The Curious Case of Brandon Belt

This offseason I figured the Giants would formulate a Buster Posey-type plan for Brandon Belt: spend two months mashing in AAA, build some confidence after a rocket ascent through the organization in 2010, then come up to the club in early summer, provide a jolt to the offense, and get himself in the conversation for Rookie of the Year.

Belt, I thought, would provide another great contrast with a young Braves star (first baseman Freddie Freeman). Just as Posey and Jason Heyward chased the hardware together last year, Belt and Freeman seemed destined to be intertwined in 2011 . While Freeman has had a great season (after a slow start), no such luck for Belt.

Grant Bisbee wrote an excellent article contrasting the players and the organizational philosophies that have driven the fates of their 2011 seasons. I don’t want to replicate that so I’ll offer another counterpoint to the Giants approach with Belt.

In 2007 the Boston Red Sox made an all-out organizational commitment to Dustin Pedroia, the likes of which I have never seen the Giants make with a position player. Pedroia got his first call up in late August 2006 and finished his six-week stint with 2 home runs, a .191 average, .258 on base percentage, while slugging .303. Not great at all.

Good enough, though, for Theo Epstein and the Sox to name him their starting 2B for 2007. They elected not to resign Mark Loretta, and really only had Alex Cora as a back up. He rewarded them with an April line of .182/.308/.236 with 0 HR and only 2 RBI. Red Sox nation was up in arms. “Get rid of the kid, he’s not ready, he’s too small, etc!” After going 0 for 3 on May 1st, his average dipped to .172. After that there was no looking back. By the end of May he was up to .308/.394/.433. He finished the year .317/.380/.442 wining the ROY and then helped the Red Sox win the World Series. The next year he was voted the AL MVP. NO ONE, and I mean NO ONE, in Boston has any question about Dustin Pedroia at this point. He is the most loved player on the team and it’s not really close.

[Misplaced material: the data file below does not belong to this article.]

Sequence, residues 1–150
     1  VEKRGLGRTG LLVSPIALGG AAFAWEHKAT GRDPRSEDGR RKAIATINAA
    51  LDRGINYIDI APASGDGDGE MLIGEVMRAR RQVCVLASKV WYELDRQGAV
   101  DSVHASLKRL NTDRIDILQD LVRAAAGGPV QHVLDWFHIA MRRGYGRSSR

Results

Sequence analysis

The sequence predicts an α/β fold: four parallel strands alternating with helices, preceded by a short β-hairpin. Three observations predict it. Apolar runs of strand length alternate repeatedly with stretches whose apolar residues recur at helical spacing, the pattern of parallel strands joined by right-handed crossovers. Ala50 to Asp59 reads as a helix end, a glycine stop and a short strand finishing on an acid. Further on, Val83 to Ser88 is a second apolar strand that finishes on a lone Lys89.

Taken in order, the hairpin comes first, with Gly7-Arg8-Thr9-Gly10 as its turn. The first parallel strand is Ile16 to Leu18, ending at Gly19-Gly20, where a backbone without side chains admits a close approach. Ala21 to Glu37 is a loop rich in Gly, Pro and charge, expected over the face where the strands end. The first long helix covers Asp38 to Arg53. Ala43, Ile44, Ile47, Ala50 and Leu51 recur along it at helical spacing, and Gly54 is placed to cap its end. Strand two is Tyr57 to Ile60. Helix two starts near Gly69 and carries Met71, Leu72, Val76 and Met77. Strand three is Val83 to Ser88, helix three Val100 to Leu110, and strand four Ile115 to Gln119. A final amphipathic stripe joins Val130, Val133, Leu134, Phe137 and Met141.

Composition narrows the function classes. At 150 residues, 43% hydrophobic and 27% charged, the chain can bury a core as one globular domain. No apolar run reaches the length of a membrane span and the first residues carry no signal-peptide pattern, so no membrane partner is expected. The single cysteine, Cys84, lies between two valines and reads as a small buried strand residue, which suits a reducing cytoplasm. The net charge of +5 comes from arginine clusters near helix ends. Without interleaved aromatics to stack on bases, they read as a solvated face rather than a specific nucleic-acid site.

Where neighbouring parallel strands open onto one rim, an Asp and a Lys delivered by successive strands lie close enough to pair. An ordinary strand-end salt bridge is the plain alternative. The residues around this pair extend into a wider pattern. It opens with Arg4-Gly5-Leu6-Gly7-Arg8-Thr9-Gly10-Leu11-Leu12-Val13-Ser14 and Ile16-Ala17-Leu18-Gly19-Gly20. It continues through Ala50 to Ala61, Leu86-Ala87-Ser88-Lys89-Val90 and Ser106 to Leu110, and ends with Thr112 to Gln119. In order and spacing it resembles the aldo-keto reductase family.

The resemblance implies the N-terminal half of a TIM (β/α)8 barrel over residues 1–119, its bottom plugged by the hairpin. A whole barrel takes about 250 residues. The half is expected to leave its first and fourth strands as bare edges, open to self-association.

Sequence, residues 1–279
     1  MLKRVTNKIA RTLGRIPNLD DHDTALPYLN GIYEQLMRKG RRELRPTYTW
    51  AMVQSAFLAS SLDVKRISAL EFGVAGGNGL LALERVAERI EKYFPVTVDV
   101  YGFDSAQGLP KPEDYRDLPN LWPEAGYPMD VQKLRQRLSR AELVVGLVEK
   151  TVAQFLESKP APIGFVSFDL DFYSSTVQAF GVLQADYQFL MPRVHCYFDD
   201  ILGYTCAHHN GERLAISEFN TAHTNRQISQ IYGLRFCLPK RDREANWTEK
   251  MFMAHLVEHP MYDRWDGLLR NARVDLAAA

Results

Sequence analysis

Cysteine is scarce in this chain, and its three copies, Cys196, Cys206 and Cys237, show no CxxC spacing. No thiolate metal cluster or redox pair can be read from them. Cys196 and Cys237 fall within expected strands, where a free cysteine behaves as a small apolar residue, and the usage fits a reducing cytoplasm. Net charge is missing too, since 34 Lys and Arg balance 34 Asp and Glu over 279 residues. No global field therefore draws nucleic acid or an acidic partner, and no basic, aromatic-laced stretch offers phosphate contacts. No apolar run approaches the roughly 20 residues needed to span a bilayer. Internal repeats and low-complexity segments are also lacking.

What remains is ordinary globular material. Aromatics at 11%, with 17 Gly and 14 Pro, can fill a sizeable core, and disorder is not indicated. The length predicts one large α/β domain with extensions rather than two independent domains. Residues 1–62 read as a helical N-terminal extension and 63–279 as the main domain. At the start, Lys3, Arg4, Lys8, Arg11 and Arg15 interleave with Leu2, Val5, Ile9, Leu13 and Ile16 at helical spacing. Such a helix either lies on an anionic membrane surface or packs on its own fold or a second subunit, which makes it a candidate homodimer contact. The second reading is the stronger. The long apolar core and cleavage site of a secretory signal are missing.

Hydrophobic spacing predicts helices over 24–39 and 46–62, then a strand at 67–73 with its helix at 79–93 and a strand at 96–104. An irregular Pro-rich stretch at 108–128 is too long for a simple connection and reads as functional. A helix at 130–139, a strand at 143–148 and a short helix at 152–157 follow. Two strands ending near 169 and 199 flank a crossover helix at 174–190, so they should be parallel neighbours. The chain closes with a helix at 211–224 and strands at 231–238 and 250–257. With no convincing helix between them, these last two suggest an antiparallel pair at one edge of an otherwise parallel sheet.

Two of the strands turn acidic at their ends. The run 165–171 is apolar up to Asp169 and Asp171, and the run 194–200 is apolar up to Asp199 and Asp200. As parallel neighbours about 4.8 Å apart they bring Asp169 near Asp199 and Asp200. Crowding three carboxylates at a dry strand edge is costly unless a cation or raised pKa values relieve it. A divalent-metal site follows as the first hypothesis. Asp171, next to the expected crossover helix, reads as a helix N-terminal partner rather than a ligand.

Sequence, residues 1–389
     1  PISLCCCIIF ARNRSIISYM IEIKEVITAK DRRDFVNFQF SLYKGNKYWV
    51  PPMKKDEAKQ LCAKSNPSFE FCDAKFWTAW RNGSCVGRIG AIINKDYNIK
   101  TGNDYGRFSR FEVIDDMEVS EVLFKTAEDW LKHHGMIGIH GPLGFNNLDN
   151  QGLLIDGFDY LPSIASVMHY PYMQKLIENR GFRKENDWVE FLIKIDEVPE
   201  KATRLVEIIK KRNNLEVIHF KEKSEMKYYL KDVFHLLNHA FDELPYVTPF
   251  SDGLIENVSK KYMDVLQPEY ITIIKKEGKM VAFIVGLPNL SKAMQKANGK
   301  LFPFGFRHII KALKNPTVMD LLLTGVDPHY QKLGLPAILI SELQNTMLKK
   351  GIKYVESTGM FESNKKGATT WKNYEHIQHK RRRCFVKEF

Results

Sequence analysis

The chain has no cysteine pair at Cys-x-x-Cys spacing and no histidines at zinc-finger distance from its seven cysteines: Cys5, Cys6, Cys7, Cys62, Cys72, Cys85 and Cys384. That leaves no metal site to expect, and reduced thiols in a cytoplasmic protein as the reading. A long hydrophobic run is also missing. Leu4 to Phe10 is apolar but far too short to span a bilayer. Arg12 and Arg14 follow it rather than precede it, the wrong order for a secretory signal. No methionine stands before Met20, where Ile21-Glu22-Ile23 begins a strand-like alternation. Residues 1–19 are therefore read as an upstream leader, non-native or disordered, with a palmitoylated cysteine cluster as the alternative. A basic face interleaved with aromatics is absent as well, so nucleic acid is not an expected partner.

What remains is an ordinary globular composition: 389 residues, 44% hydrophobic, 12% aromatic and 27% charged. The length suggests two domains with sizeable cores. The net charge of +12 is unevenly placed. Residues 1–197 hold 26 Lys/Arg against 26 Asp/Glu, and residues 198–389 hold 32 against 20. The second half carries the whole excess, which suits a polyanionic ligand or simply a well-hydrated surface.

Now, the Belt situation is a little different. Pedroia was a high draft pick. He was one of Theo’s pets from one of his first drafts. The 2006 Red Sox missed the playoffs. There was no pressure to bring back a veteran that had just helped them win (ala Aubrey Huff). The team had a lot invested in “the laser show” and they had the patience and commitment to ride out his early struggles.

The problem, for me, is that the Giants have never done this with anyone, not even with Posey. Not everyone should get the long leash the Red Sox gave Pedroia or that the Braves have given Freeman. But I’d love to see the Giants do it with someone at least once. For now, we can only hope Belt stays hot, not just for the sake of the team, but also for his personal development. The dude needs to play!



3 thoughts on “The Curious Case of Brandon Belt

  1. I’m really mystified why Sabean and Bochy just don’t play the guy. It’s not like Huff is tearing it up right now, and it’s not like we can’t afford to take a gamble, the team can’t hit out of a wet paper bag! It’s so confusing!

  2. Pingback: Giants should’ve stuck with Belt like the Braves stuck with Freeman » Bay Area Sports Guy

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